The number of applications has increased despite the schools remaining closed since the Covid-19 outbreak and the government allowing a 25 per cent fee relief in private schools.
The Gujarat government has received around 600 applications for opening of new secondary and higher secondary private schools for the current academic year – which is 150 more than last year’s. The number of applications has increased despite the schools remaining closed since the Covid-19 outbreak and the government allowing a 25 per cent fee relief in private schools.
As many as 450 applications were received by the Gujarat Secondary and Higher Secondary Education Board (GSHSEB) last year, which is the lowest since 2014.
As per the data accessed by The Indian Express, among the 594 applications for new private schools received this year, each with an application fee of Rs 20,000, 345 were for secondary and 249 for higher secondary schools for the Science, Arts and Commerce streams.
Nearly 42 per cent of these have recently received the provisional approval from the GSHSEB and started functioning. Normally it takes around one-and-a-half years for a regular approval to be issued by the board.
The earlier deadline for submitting the application was March 31. This was extended to July 21 due to the pandemic.
“Provisional approval to 249 has been given by the board after due scrutiny process,” confirmed GSHSEB chairman A J Shah.
He added, “The board has completely removed any physical file work for this process right from application to approval. Only once the provisional approval is given, the file is sent to the concerned district education officer for physical verification of the applicant and application.”
The applications were scrutinised by the GSHSEB’s executive committee that met eleven times in August and September. The last meeting of the executive committee was held on September 29.
As per GSHSEB rules, provisional affiliation is granted once the documents are submitted online. It is followed by a regular affiliation after the completion of due verification and process by the DEO who prepares the report after physically verifying the application.
The rise in the number of applications raised doubts among parents who raised concerns over claims by private schools on being cash-strapped.
“On one hand, the private schools are crying foul that they are incurring huge losses and that is the reason they are not able to give more than 25 per cent fee reduction. On the other hand, there are 600 applications for new schools during the same period. Also, citing economic distress, private schools are laying off their teachers and deducting their salaries. It is high time the state government should open their eyes and not get being played off in their hands,” said Amit Panchal, president of Wali Swaraj Manch and founding member of Federation of Parents Association..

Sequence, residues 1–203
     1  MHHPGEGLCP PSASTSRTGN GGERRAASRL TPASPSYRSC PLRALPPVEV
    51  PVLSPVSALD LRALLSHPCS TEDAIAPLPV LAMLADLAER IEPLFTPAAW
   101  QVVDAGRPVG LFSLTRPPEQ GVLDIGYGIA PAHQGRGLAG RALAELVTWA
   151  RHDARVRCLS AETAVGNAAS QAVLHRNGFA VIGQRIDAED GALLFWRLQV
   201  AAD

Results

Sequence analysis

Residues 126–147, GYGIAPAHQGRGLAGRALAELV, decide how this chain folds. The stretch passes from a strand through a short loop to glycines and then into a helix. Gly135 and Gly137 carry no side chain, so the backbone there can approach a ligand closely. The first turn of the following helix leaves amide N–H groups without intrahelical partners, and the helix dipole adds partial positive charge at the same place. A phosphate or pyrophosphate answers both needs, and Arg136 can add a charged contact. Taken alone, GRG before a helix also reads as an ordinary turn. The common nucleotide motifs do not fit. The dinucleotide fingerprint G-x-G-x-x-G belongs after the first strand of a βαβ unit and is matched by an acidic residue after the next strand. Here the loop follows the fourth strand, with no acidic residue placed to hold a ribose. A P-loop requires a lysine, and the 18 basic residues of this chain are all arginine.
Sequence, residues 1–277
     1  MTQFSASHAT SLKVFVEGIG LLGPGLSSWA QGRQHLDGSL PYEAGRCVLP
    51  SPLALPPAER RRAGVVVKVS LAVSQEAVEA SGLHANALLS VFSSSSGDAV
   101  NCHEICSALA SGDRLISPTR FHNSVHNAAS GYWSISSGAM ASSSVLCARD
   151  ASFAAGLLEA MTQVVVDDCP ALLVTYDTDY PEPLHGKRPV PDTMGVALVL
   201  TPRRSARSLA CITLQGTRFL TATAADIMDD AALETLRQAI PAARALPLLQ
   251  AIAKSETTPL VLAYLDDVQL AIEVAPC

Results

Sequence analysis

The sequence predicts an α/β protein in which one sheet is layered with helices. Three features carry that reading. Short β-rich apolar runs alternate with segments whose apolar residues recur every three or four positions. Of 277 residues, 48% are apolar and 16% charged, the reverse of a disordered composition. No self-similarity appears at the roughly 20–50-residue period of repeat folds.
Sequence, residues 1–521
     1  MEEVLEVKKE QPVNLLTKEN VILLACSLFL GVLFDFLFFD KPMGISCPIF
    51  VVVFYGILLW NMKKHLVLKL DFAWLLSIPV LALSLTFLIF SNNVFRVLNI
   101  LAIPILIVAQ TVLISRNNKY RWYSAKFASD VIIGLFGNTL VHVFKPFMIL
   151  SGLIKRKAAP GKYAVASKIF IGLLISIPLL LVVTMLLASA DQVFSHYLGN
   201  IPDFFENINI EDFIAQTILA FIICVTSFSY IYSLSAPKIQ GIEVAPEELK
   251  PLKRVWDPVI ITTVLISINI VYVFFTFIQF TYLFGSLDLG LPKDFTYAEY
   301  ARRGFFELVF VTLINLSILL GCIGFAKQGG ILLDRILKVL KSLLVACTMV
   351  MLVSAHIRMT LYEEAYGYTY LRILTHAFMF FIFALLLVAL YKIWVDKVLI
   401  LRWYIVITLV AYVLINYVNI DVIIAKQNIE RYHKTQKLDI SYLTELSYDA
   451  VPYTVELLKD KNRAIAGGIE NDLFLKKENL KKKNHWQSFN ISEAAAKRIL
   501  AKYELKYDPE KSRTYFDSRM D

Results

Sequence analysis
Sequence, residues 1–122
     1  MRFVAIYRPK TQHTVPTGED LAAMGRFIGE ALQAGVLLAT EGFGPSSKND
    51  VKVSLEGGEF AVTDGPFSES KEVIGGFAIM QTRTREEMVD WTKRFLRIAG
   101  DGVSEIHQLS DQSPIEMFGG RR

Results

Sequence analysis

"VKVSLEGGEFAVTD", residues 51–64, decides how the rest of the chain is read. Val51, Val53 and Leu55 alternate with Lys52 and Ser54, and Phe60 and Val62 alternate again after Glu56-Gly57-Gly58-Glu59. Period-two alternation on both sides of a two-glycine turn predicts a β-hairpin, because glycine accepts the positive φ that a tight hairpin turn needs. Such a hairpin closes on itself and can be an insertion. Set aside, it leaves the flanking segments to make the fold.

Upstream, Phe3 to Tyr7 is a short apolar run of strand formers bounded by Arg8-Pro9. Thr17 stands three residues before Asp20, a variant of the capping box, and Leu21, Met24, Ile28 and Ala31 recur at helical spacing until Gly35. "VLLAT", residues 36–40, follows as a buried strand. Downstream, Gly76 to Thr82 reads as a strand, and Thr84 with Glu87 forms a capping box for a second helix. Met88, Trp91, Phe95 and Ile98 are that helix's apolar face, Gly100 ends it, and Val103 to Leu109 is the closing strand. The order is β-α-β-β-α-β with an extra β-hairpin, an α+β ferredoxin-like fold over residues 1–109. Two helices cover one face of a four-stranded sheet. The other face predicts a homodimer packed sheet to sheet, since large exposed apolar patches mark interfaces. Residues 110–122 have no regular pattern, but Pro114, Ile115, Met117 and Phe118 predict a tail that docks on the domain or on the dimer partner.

The GSHSEB declined to divulge the details of the applications. However, sources in the education department revealed that new school applications were from cities like Ahmedabad, Surat, Vadodara, Rajkot and even tribal areas like Garbada, Padaliya and Devgadhbaria in Dahod, Rajpipla in Narmada, Morva Hadaf in Panchmahal, Bodeli in Chhota Udepur, Ahwa in Dang, among others.
Suresh Agarwal, the founder trustee of Ramdulari Dhansiram Agarsen Charitable Trust, that has applied for a new school — Cosmos Castle International School Green Campus — in Bopal, said that education is one sector that has to go on despite economic distress or pandemic.
“One has to think for the future and understand that economy will revive through education only,” he said.
Some of the new school applications include Divine Gurukulam-The Traditional School in Vinzol, Ahmedabad rural by Harikrushna Swaroop Education Trust, Apollo International School in Tragad, Ahmedabad rural, by K G Patel Charitable Trust, Navnidhi International School in Surat by Jay Bhagvan Charitable trust, Girnar Public School in Junagadh by Shree Leuva Patel Education and Charitable Trust, Deep Darshan English medium school by Deep Darshan Carmelite Sisters of Charity in Ahwa Dang.
To prevent malpractices in the application process, the GSHSEB had brought several checks, including making the entire process online.
The applicants have to upload 32 documents including trust registration certificate registered in the Charity Commissioner Office, trust deed, public trust register (PTR), non-agricultural order for school land and playground and revenue records of school land.
Some of the conditions by the board include minimum bank balance of Rs 2 lakh for a management, trust or an organisation willing to open a school in the rural areas, and a minimum balance of 3 lakh for those in urban areas. There should be no pending court case of the land and it should be non-agricultural
The education department had in September 2019 revised certain rules pertaining to playground after a sharp decline in number of new schools approved in 2019-20. The minimum playground size condition was changed from 1,200 square metre to 800 square metre in urban areas and 2,000 to 1,500 square metre rural areas.
Also, according to a 2018 notification, applicants were required to have own space for playground within the same campus which was relaxed to allowing a rented space adjoining the school with a condition of registered rent agreement for 15 years.
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